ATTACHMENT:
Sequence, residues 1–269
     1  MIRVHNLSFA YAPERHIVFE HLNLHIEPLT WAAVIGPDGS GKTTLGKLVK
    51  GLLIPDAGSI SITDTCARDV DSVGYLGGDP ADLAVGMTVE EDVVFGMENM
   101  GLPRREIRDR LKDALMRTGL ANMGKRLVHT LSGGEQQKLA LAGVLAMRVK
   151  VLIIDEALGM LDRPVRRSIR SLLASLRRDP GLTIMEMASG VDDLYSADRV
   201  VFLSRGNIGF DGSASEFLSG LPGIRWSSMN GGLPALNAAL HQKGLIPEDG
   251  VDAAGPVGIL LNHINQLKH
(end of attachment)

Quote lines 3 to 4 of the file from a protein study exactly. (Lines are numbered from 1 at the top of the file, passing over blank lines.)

    51  GLLIPDAGSI SITDTCARDV DSVGYLGGDP ADLAVGMTVE EDVVFGMENM
   101  GLPRREIRDR LKDALMRTGL ANMGKRLVHT LSGGEQQKLA LAGVLAMRVK